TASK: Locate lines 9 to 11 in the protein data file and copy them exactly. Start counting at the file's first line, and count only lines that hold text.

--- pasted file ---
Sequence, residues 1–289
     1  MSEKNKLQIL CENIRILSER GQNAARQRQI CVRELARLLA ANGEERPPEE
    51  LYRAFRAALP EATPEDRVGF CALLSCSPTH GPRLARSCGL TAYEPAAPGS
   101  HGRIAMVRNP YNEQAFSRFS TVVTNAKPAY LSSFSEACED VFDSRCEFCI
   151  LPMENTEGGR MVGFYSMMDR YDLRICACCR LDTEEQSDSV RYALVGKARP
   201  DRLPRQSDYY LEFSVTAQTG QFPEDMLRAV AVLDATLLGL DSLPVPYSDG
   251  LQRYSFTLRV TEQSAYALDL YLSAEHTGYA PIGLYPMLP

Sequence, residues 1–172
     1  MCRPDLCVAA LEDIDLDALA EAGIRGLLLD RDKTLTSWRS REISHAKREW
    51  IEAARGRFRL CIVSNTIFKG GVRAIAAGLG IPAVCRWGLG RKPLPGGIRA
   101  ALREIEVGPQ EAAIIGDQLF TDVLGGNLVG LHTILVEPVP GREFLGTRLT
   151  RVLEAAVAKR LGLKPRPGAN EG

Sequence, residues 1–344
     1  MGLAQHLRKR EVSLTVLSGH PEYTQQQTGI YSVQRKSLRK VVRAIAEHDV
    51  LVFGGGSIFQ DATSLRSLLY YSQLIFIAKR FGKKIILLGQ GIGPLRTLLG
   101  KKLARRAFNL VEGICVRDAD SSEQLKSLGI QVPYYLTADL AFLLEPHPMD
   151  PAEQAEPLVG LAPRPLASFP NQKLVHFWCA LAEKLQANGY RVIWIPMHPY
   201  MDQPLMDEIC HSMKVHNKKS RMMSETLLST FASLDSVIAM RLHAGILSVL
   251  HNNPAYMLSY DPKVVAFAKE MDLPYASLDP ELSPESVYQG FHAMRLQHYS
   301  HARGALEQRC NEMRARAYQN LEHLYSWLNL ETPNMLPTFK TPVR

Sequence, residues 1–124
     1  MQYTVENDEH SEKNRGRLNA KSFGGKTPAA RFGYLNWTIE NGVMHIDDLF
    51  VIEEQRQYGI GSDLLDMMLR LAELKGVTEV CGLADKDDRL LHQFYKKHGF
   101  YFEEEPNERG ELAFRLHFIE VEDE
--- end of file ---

     1  MCRPDLCVAA LEDIDLDALA EAGIRGLLLD RDKTLTSWRS REISHAKREW
    51  IEAARGRFRL CIVSNTIFKG GVRAIAAGLG IPAVCRWGLG RKPLPGGIRA
   101  ALREIEVGPQ EAAIIGDQLF TDVLGGNLVG LHTILVEPVP GREFLGTRLT